The highlighs are gone, and the surface does not look very reflective any more. Why does the material look different?
Curiously, if I disable the “Realtime” option in the editor viewport, the highlighs appear:
Highlights that produce blooming gets smoothed by Temporal antialiasing.
Change the AA type to FXAA in the misc section of your postprocess volume, it’s under the advanced options of that section.
In any case you would probably want temporal AA because of quality, so try to increase the size of your highlight breakups so that temporal AA will not smooth those out
I might be wrong but sometimes baking your lightning fixes some shading issues both on dynamic and static stuff. You should check your lightning and postprocess setup.
BTW, how does your material network looks like?
I don’t know what highlight breakups are or how I could increase the size. Could you explain? Is it some setting in the material or the light?
I’m currently working on the vertex displacement of the water material. In my screenshots there is only one calculated vertex wave. The small waves are actually the T_Detail_Rocky_N normal map from the starter content which I added to make it look more like water. This is only temporary, in the final version of the material the small waves will be derived from equations as well.
I will publish the water material once I have finished a first version.
By highlight breakups he means the highlights on the water - in this case the white specks where light is reflected the most on your water surface and shines so bright it causes the bloom effect.
Since they’re only in groups of a couple pixel at most, the temporal anti aliasing smooths them out so your only solution to both have the highlights and the anti aliasing is to increase their size.
You can increase their size by either increasing the roughness slightly or using normals with softer edges or bigger shapes. Since your material is water the roughness option kinda drops out.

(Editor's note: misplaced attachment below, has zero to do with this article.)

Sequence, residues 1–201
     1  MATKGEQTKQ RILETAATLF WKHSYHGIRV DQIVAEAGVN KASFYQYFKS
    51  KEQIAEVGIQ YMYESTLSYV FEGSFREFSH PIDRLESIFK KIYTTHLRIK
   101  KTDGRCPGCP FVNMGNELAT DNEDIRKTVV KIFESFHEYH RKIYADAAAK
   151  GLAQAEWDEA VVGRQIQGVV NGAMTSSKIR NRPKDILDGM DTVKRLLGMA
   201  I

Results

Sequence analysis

Another question: Is there a way to make sure that I calculate the normals correctly? Here is a screenshot where I combine world displacement and normals of multiple waves. Can I visualize the normals in the editor viewport as lines? I just want to see if the normals are actually normal to the mesh, is there an easy way to see that? In Blender I would just turn on the “show normals” option.
I’m worried about these dark areas, I have marked one of them in red. I can’t decide if these dark areas are supposed to be there, or if it is some error in my material, most probably in the calculation of the normals.
If you look carefully, you can see that the screen space reflection of the rock is not present in one of the dark areas. That can’t be correct, can it?
What method are you using to calculate the waves? Is this done with displacement maps or mathematically (Gerstner or FFT)?
There is no way to view the normals outside of the static mesh editor (that I know of), but the normals can be calculated depending which approach you took.
Also, check that you are not using a value of 0 for roughness, I use 0.05, going too much lower can create this effect in SSR. Also are you using a custom reflection input into the material? or just a fresnel?
You can PM me if you want, I have a material that will be released soon to the community, let me know if I can help (I used Gerstner waves).
I’m also using Gerstner waves. I have derived equations for the displacement and for the normals. I know that the normals can’t be completely wrong, otherwise the screen space reflections wouldn’t work.